• 0
Sign in to follow this  
CharlesS

Workaround for EEBoard 512 bit buffer limit.

Question

Hello all,

I'm experimenting with IR remote protocol using an IR LED and a typical TSOPxx38 IR receiver, all on the Digilent Electronics Explorer board, and I am in need of a work around for sending more than 512 bits on a single DIO channel. I have searched through WaveForms' help and could not find anything of use on this.

 

Synopsis
Typical IR coms work, in principle, identically to ON/OFF keying in radio. That is, an IR receiver sees a logical 0 as the absence of the carrier, and a logical 1 as the presences of the carrier. The difference from radio being that the carrier in IR coms is realized as an IR light flashing at 38kHz. The actual intelligence is sent as varying lengths of carrier/no carrier to construct higher-level 1s and 0s. I will label those here as "mark" or "space" tokens or symbols.

I am trying to emulate this process using WaveForms' Digital Pattern Generator via the Electronics Explorer board and a single DIO pin.

 

Efforts
The first thing I tried was to configure a pin as a 38kHz clock and send pulses by simply running or stopping the Digital Pattern Generator. This emulated the carrier properly; the IR receiver indeed changes logical state when the DPG was enabled/disabled. However, this does not allow algorithmically controlled mark/space patterns to be sent, such as what you would see with a button press on a TV remote.

Next, I tried to set a custom signal type, pre filled with alternating 1s and 0s. Then, to construct a high-level pattern, I simply copy and paste 1/0 blocks for mark, or high-Z blocks for space. This worked as expected, and the high-level pattern I create does indeed show up on the IR receiver output pin. The problem is each 1/0 block is composed of several bits, consuming a rather large portion of the buffer. If a mark consists of 32 bits, and a space consists of 32 bits, I can only send about 8 tokens/symbols with the given buffer size. Since a typical consumer electronics remote may send something around 10~25 symbols, this method proves to be inadequate.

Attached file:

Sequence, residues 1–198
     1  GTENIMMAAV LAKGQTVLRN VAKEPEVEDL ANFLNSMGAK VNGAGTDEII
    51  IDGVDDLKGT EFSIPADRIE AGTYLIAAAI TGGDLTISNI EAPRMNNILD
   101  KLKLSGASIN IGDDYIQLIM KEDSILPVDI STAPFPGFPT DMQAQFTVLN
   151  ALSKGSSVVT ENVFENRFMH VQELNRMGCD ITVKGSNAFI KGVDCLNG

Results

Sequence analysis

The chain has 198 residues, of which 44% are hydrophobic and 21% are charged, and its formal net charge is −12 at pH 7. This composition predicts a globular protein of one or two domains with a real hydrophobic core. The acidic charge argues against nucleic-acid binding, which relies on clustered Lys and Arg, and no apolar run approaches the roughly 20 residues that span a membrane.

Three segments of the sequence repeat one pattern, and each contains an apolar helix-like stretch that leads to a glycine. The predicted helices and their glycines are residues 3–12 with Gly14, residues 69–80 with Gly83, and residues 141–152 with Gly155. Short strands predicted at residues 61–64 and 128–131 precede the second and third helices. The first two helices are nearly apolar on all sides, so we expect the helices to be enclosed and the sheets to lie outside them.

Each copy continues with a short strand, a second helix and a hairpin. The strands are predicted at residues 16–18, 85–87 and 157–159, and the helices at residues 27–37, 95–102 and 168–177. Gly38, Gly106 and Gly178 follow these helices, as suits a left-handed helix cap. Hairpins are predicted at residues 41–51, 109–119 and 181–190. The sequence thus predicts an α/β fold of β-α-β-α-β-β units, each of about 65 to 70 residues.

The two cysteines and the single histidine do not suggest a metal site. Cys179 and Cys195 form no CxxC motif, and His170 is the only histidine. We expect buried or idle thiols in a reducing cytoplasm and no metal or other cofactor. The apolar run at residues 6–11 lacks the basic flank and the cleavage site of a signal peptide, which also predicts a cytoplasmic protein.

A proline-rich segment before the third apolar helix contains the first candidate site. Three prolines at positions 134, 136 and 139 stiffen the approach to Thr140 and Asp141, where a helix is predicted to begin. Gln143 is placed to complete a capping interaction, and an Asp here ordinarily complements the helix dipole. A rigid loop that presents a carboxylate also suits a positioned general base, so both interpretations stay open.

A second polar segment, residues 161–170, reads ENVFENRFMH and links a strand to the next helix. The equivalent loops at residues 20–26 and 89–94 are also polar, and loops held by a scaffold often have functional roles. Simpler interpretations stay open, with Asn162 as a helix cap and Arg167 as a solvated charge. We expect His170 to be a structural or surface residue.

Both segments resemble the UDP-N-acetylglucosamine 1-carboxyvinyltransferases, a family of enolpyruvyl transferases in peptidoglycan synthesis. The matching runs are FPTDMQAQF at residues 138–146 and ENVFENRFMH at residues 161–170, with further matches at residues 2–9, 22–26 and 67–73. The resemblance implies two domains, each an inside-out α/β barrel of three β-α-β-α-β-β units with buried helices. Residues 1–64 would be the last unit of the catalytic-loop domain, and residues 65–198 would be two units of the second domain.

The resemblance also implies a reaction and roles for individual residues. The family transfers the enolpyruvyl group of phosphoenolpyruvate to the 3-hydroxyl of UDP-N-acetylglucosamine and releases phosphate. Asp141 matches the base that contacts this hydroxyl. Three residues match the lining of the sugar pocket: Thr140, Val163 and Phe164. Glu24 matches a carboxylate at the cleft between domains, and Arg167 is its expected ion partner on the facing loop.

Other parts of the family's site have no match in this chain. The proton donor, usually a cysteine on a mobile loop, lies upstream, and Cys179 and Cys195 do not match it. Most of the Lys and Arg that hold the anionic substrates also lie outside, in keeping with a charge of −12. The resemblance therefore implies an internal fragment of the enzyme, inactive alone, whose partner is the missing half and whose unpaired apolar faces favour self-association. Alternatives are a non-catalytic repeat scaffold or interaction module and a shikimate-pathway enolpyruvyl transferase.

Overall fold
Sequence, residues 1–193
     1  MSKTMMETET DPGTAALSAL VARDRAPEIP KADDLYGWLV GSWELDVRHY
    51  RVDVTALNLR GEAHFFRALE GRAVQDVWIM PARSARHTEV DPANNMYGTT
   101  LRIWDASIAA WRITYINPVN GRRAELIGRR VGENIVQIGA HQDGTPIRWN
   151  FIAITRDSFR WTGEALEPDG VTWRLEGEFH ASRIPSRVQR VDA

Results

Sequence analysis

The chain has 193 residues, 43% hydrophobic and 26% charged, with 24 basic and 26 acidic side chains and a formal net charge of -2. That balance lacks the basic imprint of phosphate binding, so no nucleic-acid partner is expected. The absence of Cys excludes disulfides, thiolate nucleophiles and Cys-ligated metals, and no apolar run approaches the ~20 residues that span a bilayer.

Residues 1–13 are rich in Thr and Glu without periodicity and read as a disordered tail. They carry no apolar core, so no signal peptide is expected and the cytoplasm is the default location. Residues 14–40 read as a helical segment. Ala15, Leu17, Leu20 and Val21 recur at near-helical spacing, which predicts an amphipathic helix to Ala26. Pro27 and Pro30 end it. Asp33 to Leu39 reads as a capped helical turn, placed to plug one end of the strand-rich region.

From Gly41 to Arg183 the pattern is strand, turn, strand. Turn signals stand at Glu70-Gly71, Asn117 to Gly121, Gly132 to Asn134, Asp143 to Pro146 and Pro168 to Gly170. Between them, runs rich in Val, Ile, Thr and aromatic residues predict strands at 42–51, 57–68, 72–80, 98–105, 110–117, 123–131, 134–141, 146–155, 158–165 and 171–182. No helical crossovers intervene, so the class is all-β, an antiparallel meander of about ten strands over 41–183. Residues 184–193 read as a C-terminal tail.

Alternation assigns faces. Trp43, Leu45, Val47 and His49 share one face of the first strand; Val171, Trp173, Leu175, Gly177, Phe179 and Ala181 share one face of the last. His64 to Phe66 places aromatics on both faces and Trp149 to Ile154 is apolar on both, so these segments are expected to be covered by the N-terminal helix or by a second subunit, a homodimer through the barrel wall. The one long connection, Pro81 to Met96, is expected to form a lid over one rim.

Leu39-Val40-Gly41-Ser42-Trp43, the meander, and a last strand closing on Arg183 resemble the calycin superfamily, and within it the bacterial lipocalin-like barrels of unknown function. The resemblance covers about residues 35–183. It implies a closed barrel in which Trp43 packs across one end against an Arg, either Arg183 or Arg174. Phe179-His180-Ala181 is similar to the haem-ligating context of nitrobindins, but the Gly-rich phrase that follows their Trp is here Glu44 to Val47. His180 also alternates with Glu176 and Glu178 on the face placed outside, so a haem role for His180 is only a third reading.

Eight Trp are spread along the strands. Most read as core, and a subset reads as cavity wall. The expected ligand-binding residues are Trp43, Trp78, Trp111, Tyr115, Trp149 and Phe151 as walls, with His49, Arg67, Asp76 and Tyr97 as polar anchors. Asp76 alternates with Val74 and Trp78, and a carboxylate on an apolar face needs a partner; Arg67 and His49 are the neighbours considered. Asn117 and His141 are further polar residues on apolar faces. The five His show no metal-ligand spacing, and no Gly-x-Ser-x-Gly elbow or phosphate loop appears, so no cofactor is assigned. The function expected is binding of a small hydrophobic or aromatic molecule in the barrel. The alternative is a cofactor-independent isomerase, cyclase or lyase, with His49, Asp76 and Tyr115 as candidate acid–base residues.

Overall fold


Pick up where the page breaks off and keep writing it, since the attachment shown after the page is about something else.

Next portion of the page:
My final idea (something I have yet to actually try) would be to use one DIO as a 38kHz clock that is constantly on, and a second DIO plus some switching component (read:transistor) to either pass or block the clock to the LED. This would let me use the full 512 bits of the second DIO channel to send the marks and spaces. This idea leaves a sour taste in my mouth though; I feel that this platform should be able to do this simple a task no sweat without me having to resort to adding such hardware hacks.

Final Thoughts
According to the EEBoard's datasheet, the device should have "... up to 16KSa per pin buffer depth." This is great... but what exactly does this mean? Where is this "16KSa per pin?" Because I'm not really seeing a way to send 16Kb on one wire. Seems to me this 16KSa is actually the 512 bit buffer per pin, times the 32 pins. So really it looks like it should say something like "512Sa hardware buffer per pin, for up to 16KSa total buffer size," or similar. I have searched through WaveForms' help and could not find anything of use about this either.

Clarification on this last point, and help in general, would be greatly appreciated. Thanks.
-Charlie

Share this post


Link to post
Share on other sites

2 answers to this question

Recommended Posts

  • 0

Hello,

 

The EExplorer and Analog Discovery have several configurations available with different device buffer-memory distributions for the instruments and different instrument support.

To select one of these, in WaveForms (2.x) main window under Device/Manager select "Show advanced features". This will make the configuration list visible.

Share this post


Link to post
Share on other sites
  • 0

Ah! I see now. Hooray for programmable logic  :) 

Interestingly, I used the search on the left of WaveForms help for the keyword "buffer" and the page that explains device manager never showed up. (I guess that the find text box is different from Ctrl+F) If that wasn't enough, I had already read the page in question, but apparently didn't really take in that particular piece of info. Hindsight is 20/20 I guess.

Share this post


Link to post
Share on other sites

Create an account or sign in to comment

You need to be a member in order to leave a comment

Create an account

Sign up for a new account in our community. It's easy!

Register a new account

Sign in

Already have an account? Sign in here.

Sign In Now
Sign in to follow this